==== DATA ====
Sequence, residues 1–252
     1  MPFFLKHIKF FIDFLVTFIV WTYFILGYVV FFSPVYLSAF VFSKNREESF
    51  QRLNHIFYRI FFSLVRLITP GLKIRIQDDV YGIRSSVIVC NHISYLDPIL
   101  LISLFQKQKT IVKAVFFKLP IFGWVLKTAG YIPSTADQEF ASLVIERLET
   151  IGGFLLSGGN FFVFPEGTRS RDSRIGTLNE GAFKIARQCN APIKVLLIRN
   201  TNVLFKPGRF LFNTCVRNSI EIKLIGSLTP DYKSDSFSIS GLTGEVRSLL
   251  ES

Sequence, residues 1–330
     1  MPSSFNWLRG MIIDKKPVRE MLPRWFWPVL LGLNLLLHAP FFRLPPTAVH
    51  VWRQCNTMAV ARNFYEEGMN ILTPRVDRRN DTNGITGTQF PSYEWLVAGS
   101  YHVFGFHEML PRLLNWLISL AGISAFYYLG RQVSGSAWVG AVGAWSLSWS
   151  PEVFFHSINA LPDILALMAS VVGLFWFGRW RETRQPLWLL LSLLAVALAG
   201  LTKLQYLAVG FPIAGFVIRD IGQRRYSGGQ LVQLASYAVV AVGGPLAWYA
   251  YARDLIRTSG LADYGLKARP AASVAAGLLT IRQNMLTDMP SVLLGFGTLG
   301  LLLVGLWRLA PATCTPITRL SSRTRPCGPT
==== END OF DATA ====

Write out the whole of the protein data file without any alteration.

Sequence, residues 1–252
     1  MPFFLKHIKF FIDFLVTFIV WTYFILGYVV FFSPVYLSAF VFSKNREESF
    51  QRLNHIFYRI FFSLVRLITP GLKIRIQDDV YGIRSSVIVC NHISYLDPIL
   101  LISLFQKQKT IVKAVFFKLP IFGWVLKTAG YIPSTADQEF ASLVIERLET
   151  IGGFLLSGGN FFVFPEGTRS RDSRIGTLNE GAFKIARQCN APIKVLLIRN
   201  TNVLFKPGRF LFNTCVRNSI EIKLIGSLTP DYKSDSFSIS GLTGEVRSLL
   251  ES

Sequence, residues 1–330
     1  MPSSFNWLRG MIIDKKPVRE MLPRWFWPVL LGLNLLLHAP FFRLPPTAVH
    51  VWRQCNTMAV ARNFYEEGMN ILTPRVDRRN DTNGITGTQF PSYEWLVAGS
   101  YHVFGFHEML PRLLNWLISL AGISAFYYLG RQVSGSAWVG AVGAWSLSWS
   151  PEVFFHSINA LPDILALMAS VVGLFWFGRW RETRQPLWLL LSLLAVALAG
   201  LTKLQYLAVG FPIAGFVIRD IGQRRYSGGQ LVQLASYAVV AVGGPLAWYA
   251  YARDLIRTSG LADYGLKARP AASVAAGLLT IRQNMLTDMP SVLLGFGTLG
   301  LLLVGLWRLA PATCTPITRL SSRTRPCGPT